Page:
On the site of a long-idle dairy farm, leaders of a local mosque hope to build a final resting place for about 500 Muslim families — to the dismay of many residents of this quaint town in central Massachusetts.
In arguments cemetery developers and activists decry as thinly veiled bigotry, neighbors say they fear burial practices could contaminate groundwater because Muslims traditionally do not embalm bodies and bury their dead without coffins. They also cite concerns about noise, vandalism and increased traffic on the narrow road where the cemetery would be built. One resident said he worried he would have to put up with "crazy music" like the Islamic call to prayer.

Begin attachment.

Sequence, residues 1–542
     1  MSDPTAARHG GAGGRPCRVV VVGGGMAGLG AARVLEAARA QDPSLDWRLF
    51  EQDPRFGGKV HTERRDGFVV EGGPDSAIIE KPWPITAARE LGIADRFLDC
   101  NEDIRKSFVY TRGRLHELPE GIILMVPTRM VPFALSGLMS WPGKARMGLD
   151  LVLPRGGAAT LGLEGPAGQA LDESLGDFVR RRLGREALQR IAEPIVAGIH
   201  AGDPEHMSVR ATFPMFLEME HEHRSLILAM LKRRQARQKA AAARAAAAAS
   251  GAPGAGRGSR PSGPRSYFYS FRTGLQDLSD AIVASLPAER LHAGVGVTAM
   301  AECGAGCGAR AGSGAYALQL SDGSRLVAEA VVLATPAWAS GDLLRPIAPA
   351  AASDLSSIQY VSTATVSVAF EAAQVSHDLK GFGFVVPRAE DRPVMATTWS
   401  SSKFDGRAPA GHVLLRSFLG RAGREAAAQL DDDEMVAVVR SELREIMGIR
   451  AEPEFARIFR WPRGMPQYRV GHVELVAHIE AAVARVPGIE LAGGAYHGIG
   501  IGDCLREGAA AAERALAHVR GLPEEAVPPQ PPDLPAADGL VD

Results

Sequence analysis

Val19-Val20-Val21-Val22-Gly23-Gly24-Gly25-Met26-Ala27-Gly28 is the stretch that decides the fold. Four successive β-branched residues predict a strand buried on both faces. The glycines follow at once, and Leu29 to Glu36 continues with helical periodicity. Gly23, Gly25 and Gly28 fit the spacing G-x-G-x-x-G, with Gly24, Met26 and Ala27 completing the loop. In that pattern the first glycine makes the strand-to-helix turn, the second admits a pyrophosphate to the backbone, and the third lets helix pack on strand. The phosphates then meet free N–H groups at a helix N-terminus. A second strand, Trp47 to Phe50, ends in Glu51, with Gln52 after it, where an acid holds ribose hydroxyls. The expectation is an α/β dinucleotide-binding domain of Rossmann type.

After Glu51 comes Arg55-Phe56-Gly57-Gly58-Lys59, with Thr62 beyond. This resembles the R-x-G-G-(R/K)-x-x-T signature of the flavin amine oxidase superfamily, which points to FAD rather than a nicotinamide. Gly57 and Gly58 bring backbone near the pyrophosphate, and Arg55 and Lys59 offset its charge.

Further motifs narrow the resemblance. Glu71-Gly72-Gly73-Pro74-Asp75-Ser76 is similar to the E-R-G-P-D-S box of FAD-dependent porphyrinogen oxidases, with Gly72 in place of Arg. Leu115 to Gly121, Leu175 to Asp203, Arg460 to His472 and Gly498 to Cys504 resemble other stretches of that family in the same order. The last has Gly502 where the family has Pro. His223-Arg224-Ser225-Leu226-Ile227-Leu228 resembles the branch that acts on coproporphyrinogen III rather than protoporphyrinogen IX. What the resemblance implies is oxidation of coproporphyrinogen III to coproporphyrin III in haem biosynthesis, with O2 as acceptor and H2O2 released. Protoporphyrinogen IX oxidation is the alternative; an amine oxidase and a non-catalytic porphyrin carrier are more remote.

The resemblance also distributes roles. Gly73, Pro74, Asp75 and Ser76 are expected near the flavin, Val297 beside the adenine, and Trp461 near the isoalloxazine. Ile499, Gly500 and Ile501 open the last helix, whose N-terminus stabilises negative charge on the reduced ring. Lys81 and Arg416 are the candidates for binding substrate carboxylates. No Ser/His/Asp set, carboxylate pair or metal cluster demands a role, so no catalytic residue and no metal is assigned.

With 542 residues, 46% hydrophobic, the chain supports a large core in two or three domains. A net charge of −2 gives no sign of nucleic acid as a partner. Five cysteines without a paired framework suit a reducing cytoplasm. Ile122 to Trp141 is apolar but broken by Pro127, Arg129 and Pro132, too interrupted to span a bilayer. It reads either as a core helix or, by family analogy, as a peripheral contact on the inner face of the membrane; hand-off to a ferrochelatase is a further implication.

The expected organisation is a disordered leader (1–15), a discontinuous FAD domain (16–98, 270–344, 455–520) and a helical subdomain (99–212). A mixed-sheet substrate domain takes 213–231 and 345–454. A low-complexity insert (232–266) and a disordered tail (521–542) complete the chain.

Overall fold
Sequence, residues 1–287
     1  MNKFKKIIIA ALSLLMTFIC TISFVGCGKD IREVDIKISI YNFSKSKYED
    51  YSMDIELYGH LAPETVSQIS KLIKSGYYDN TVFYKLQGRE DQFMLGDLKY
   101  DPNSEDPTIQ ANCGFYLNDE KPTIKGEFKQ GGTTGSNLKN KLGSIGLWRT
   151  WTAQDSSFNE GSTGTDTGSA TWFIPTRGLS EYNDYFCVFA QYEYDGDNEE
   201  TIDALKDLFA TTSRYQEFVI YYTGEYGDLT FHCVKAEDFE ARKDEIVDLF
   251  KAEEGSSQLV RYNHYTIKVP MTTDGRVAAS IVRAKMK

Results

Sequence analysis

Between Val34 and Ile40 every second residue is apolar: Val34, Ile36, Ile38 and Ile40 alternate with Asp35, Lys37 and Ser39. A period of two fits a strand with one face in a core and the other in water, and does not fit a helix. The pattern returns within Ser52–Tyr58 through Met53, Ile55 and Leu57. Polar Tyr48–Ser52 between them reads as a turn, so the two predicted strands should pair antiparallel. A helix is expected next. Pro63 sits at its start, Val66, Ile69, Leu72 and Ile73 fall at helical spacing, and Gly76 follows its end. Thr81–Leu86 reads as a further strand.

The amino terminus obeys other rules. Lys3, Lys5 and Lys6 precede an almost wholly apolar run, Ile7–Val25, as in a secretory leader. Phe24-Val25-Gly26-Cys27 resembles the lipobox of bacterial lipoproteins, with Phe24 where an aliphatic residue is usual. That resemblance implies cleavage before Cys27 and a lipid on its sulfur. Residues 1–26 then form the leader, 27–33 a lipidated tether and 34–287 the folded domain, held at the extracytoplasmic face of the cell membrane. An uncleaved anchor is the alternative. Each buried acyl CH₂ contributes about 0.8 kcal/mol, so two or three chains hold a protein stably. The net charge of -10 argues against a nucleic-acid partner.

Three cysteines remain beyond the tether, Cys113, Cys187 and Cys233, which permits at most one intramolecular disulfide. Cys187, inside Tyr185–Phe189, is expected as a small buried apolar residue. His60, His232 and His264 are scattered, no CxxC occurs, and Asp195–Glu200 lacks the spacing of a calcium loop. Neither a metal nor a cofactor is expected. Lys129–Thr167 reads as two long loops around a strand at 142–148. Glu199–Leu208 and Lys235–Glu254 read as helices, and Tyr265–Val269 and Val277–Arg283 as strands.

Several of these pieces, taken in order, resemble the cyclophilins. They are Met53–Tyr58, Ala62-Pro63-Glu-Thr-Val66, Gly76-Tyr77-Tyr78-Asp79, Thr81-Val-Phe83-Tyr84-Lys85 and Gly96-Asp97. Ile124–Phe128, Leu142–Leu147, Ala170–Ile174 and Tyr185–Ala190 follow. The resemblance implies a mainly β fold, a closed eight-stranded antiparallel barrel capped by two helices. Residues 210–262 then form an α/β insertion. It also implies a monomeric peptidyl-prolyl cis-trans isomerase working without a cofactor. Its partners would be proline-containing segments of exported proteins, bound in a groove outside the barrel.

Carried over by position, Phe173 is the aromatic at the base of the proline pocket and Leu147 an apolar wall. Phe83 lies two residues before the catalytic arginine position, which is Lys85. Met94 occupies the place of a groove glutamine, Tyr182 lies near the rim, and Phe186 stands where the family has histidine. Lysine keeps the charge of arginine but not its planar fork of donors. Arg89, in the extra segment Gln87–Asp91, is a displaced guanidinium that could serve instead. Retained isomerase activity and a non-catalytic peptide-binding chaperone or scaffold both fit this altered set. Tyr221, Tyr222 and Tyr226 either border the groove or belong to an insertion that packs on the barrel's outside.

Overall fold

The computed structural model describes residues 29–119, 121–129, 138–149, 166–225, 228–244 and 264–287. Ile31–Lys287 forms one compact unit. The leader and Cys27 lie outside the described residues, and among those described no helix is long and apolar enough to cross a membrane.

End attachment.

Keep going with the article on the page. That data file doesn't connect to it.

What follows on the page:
Similar sentiments have been expressed by people in communities around the country where Muslim cemeteries have been proposed, including Farmervsille, Texas; Walpole, Massachusetts; Carlisle, Pennsylvania; and Farmington, Minnesota.